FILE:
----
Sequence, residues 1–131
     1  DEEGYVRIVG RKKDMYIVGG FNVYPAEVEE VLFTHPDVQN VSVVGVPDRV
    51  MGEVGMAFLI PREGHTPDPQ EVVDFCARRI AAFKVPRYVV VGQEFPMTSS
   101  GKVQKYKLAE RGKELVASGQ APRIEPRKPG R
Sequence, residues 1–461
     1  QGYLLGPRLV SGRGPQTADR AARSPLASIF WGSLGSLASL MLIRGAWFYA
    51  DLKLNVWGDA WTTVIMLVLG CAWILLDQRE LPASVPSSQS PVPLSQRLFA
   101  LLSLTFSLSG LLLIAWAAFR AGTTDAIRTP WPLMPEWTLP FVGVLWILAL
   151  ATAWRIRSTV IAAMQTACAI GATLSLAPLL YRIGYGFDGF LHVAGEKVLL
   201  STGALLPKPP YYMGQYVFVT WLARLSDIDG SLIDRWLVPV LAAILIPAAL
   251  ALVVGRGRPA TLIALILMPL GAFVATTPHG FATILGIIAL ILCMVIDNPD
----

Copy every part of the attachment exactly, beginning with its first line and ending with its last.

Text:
Sequence, residues 1–131
     1  DEEGYVRIVG RKKDMYIVGG FNVYPAEVEE VLFTHPDVQN VSVVGVPDRV
    51  MGEVGMAFLI PREGHTPDPQ EVVDFCARRI AAFKVPRYVV VGQEFPMTSS
   101  GKVQKYKLAE RGKELVASGQ APRIEPRKPG R
Sequence, residues 1–461
     1  QGYLLGPRLV SGRGPQTADR AARSPLASIF WGSLGSLASL MLIRGAWFYA
    51  DLKLNVWGDA WTTVIMLVLG CAWILLDQRE LPASVPSSQS PVPLSQRLFA
   101  LLSLTFSLSG LLLIAWAAFR AGTTDAIRTP WPLMPEWTLP FVGVLWILAL
   151  ATAWRIRSTV IAAMQTACAI GATLSLAPLL YRIGYGFDGF LHVAGEKVLL
   201  STGALLPKPP YYMGQYVFVT WLARLSDIDG SLIDRWLVPV LAAILIPAAL
   251  ALVVGRGRPA TLIALILMPL GAFVATTPHG FATILGIIAL ILCMVIDNPD